Feb.5 (GMM) Nyck de Vries must pay back half of all the money he earned during his ill-fated season with Alpha Tauri last year.
The Dutchman, who was ousted by team owner Red Bull mid-season for poor performance, was sued by his former backer Jeroen Schothorst a year ago. The real estate million alleged a EUR 250,000 loan deal to de Vries involved de Vries paying him half of all his F1 contracts.
Last February, we reported that the judge actually ruled against Schothorst, ordering him to pay all of de Vries legal costs for defending the case.
“Hopefully the wind will die down now,” 28-year-old de Vries, who has now returned to Formula E, said at the time.
However, Dutch publications now report that de Vries has actually lost the follow-up case in an Amsterdam court – and must now pay back the loan with 3 percent annual interest and give Schothorst half of his 2023 pay.
“It was a matter of principle for me,” Schothorst tells Het Financieele Dagblad newspaper.
“As a child, my mother taught me that you have to keep to what you agree. I did what I did out of love for this sport and out of sympathy for the athlete in question. We supported Nyck at a crucial moment in his career when nobody else wanted to.
“We would have preferred to reach a settlement, but unfortunately our attempt to do so were repeatedly rejected by Nyck and his lawyer. This does not alter the fact that I still have a lot of respect for Nyck as a driver,” he added.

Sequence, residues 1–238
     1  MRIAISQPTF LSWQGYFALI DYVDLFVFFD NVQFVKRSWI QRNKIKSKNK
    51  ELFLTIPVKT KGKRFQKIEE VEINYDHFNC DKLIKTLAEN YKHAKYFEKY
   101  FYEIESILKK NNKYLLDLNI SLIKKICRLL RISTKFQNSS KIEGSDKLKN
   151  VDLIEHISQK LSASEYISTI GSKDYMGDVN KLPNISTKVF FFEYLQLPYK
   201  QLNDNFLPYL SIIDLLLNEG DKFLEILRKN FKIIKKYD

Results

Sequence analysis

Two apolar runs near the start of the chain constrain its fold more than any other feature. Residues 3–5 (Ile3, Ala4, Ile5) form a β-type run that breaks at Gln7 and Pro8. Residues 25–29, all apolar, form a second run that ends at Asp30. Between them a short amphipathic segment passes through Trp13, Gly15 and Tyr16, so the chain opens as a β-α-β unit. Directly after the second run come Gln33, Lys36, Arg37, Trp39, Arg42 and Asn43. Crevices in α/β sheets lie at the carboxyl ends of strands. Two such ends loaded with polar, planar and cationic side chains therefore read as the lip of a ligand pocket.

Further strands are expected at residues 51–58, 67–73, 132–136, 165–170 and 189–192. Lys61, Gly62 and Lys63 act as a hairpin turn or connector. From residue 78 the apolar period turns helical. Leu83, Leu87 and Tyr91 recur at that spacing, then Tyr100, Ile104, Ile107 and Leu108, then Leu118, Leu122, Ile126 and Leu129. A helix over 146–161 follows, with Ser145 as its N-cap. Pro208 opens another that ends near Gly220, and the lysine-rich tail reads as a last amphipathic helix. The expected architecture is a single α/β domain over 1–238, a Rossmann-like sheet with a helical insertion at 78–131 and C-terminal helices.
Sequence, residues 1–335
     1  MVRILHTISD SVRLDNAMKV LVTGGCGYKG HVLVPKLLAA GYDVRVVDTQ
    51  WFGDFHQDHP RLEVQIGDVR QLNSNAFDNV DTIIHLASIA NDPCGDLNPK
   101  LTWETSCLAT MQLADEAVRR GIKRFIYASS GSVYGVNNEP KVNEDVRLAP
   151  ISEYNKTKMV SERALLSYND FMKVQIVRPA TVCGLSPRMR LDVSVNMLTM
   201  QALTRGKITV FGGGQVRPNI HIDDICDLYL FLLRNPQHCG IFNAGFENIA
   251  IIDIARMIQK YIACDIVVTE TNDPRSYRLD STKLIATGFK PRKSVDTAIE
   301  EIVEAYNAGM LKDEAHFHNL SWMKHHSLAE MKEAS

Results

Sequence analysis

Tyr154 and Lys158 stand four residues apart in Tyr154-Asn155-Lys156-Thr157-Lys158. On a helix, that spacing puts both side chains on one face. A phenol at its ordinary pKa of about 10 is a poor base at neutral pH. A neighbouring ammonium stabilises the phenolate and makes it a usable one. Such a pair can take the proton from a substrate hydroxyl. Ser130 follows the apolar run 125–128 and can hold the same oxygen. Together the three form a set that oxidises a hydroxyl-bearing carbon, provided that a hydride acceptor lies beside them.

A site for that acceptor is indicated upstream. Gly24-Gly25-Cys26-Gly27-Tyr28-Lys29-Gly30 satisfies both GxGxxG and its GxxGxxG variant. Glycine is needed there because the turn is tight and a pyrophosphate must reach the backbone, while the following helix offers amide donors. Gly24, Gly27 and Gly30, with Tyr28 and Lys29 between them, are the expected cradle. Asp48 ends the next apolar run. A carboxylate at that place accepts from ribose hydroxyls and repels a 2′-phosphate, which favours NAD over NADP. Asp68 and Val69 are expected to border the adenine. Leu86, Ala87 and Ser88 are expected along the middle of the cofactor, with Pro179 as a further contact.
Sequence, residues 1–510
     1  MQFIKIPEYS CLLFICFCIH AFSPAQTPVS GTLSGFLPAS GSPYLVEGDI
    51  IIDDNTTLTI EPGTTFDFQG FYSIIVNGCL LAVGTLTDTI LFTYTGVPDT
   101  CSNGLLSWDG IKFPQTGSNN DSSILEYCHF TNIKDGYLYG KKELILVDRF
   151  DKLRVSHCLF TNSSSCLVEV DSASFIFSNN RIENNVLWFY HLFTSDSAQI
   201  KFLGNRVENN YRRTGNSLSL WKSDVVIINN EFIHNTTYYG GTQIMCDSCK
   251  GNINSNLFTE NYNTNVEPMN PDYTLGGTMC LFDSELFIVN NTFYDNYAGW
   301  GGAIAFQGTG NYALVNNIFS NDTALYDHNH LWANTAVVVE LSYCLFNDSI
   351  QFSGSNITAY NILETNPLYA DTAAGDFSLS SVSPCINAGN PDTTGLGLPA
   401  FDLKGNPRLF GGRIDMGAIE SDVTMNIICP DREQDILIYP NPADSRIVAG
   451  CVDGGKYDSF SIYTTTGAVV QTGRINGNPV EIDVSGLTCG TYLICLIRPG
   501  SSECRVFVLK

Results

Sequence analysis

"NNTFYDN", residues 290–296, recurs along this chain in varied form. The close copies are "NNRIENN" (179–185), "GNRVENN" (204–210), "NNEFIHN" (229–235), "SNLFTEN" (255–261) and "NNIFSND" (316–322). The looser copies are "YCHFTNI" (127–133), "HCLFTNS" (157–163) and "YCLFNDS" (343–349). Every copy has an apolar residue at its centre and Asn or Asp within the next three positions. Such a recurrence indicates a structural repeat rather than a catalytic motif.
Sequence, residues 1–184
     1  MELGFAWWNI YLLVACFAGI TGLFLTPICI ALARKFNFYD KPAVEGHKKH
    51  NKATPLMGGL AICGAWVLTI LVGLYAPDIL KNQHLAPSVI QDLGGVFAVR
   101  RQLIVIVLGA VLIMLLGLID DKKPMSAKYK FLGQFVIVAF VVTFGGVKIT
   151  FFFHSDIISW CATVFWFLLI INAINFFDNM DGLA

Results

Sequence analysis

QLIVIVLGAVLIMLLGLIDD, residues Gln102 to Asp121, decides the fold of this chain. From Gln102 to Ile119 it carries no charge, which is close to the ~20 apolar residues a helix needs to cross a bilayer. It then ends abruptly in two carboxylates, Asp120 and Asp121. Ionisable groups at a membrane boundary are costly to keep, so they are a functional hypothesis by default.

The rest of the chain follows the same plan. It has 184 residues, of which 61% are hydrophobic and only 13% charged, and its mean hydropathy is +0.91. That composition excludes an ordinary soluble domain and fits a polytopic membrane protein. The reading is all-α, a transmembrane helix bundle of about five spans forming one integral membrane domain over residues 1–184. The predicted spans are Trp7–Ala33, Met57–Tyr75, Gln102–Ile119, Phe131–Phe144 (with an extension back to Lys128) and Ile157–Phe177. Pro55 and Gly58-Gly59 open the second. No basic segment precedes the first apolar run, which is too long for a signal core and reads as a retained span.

According to De Telegraaf newspaper, de Vries’ lawyer Jeroen Bedaux said the terms of the deal was that the loan would be forgiven if the driver failed to make it to F1 by 2022.
De Vries, of course, made a one-off debut as a substitute driver at Williams at Monza in 2022, before securing his first full-time race seat at Alpha Tauri the following year.
“This is a very creative interpretation of the agreement and is not consistent with Nyck’s intention when taking out the loan and what he agreed.”
De Vries is now considering an appeal.
“De Vries fully and to the best of his knowledge fulfilled his obligations up to and including 2022, which has also been confirmed in court,” Bedaux explained.
“The fact that he has nevertheless been ordered to repay the loan and to pay fixed and variable interest for the first months of 2023 is therefore at odds with what the parties have agreed, which is why de Vries is still considering an appeal,” the lawyer added.